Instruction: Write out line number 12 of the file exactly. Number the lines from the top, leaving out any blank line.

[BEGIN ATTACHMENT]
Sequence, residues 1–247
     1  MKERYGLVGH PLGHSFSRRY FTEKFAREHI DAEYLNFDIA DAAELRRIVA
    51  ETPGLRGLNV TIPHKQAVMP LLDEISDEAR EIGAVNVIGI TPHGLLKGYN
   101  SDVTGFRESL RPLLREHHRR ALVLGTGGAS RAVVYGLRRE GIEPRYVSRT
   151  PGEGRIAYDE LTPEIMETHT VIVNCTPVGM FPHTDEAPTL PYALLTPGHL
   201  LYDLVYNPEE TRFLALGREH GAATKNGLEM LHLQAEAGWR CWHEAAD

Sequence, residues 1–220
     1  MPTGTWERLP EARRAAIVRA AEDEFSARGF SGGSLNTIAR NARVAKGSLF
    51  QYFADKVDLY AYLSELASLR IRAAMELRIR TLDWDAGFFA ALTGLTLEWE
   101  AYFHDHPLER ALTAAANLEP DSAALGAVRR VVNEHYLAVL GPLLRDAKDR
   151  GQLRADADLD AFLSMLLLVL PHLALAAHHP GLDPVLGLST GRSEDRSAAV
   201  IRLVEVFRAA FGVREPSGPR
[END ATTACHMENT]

   201  IRLVEVFRAA FGVREPSGPR